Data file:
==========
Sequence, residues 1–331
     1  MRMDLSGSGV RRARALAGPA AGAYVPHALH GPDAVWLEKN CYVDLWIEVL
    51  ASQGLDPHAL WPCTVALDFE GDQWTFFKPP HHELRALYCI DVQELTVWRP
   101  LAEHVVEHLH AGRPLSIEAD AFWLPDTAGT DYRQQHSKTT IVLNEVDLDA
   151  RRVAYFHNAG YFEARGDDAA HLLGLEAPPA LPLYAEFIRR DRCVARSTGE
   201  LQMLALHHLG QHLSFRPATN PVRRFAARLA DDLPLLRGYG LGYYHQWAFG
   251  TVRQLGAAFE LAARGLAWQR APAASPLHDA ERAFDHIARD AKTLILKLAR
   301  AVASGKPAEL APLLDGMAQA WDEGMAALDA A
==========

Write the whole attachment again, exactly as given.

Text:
Sequence, residues 1–331
     1  MRMDLSGSGV RRARALAGPA AGAYVPHALH GPDAVWLEKN CYVDLWIEVL
    51  ASQGLDPHAL WPCTVALDFE GDQWTFFKPP HHELRALYCI DVQELTVWRP
   101  LAEHVVEHLH AGRPLSIEAD AFWLPDTAGT DYRQQHSKTT IVLNEVDLDA
   151  RRVAYFHNAG YFEARGDDAA HLLGLEAPPA LPLYAEFIRR DRCVARSTGE
   201  LQMLALHHLG QHLSFRPATN PVRRFAARLA DDLPLLRGYG LGYYHQWAFG
   251  TVRQLGAAFE LAARGLAWQR APAASPLHDA ERAFDHIARD AKTLILKLAR
   301  AVASGKPAEL APLLDGMAQA WDEGMAALDA A